Is there any downside to making unequal payments, each one based on actual income during the relevant period?
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cchrissyy
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Re: Paying estimated 2021 taxes to avoid paying penalties

Post by cchrissyy »

No, your payments can be unequal if your income is unequal and you fill out the optional form that shows it on your annual tax return but also, even better than that, your payments can be unequal if you front load them and that requires no explanation at all.

So in the OPs case all they need to do is send less next time and as far as the IRS cares they have succeeded in sending "at least" the amount due by "at least" the deadline. Some people send a whole years worth in Q1 just to get it over with and do nothing after that. It's fine
FactualFran
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Re: Paying estimated 2021 taxes to avoid paying penalties

Post by FactualFran »

billthecat wrote: Tue Jun 15, 2021 12:17 am Is there any downside to making unequal payments, each one based on actual income during the relevant period?
A possible downside of making payments based on actual income during the relevant period is needing to file the income tax return with Form 2210 and its Schedule AI completed. Completing schedule AI can be time consuming.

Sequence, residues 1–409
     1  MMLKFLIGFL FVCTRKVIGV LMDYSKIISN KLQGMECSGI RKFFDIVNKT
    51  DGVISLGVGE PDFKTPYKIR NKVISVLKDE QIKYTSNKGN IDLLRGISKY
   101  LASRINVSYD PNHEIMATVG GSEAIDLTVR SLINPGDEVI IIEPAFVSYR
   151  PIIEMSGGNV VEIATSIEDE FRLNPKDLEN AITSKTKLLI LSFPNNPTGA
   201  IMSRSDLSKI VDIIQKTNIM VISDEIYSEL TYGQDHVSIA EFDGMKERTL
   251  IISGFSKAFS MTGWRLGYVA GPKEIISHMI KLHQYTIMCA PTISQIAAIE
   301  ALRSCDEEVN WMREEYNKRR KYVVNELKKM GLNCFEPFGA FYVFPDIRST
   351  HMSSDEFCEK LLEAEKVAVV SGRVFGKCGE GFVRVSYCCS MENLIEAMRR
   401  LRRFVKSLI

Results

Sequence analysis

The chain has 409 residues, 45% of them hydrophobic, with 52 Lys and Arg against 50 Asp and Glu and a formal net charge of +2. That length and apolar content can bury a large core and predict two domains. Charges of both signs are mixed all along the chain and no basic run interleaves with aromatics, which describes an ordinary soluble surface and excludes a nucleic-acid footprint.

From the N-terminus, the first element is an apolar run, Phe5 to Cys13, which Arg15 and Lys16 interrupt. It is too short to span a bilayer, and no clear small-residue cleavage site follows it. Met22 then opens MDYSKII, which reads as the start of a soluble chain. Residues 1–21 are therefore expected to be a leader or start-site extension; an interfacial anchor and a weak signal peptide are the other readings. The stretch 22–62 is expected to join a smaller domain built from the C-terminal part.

RubyTuesday
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Re: Paying estimated 2021 taxes to avoid paying penalties

Post by RubyTuesday »

billthecat wrote: Tue Jun 15, 2021 12:17 am
cchrissyy wrote: Tue Jun 15, 2021 12:02 am The IRS doesn't mind at all that you paid sooner than you needed to. You aren't obligated to keep that up.
If you have enough clarity now regarding what you want to pay for q1 and Q2 combined, simply subtract the q1 payment from that total and the remainder is what you should send for Q2.
Is there any downside to making unequal payments, each one based on actual income during the relevant period?
I believe if you don’t meet a safe harbor and have used unequal payments of estimated taxes you’ll be required to complete schedule AI for annualized income. I haven’t completed this schedule but understand it can be a PITA.
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jebmke
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Re: Paying estimated 2021 taxes to avoid paying penalties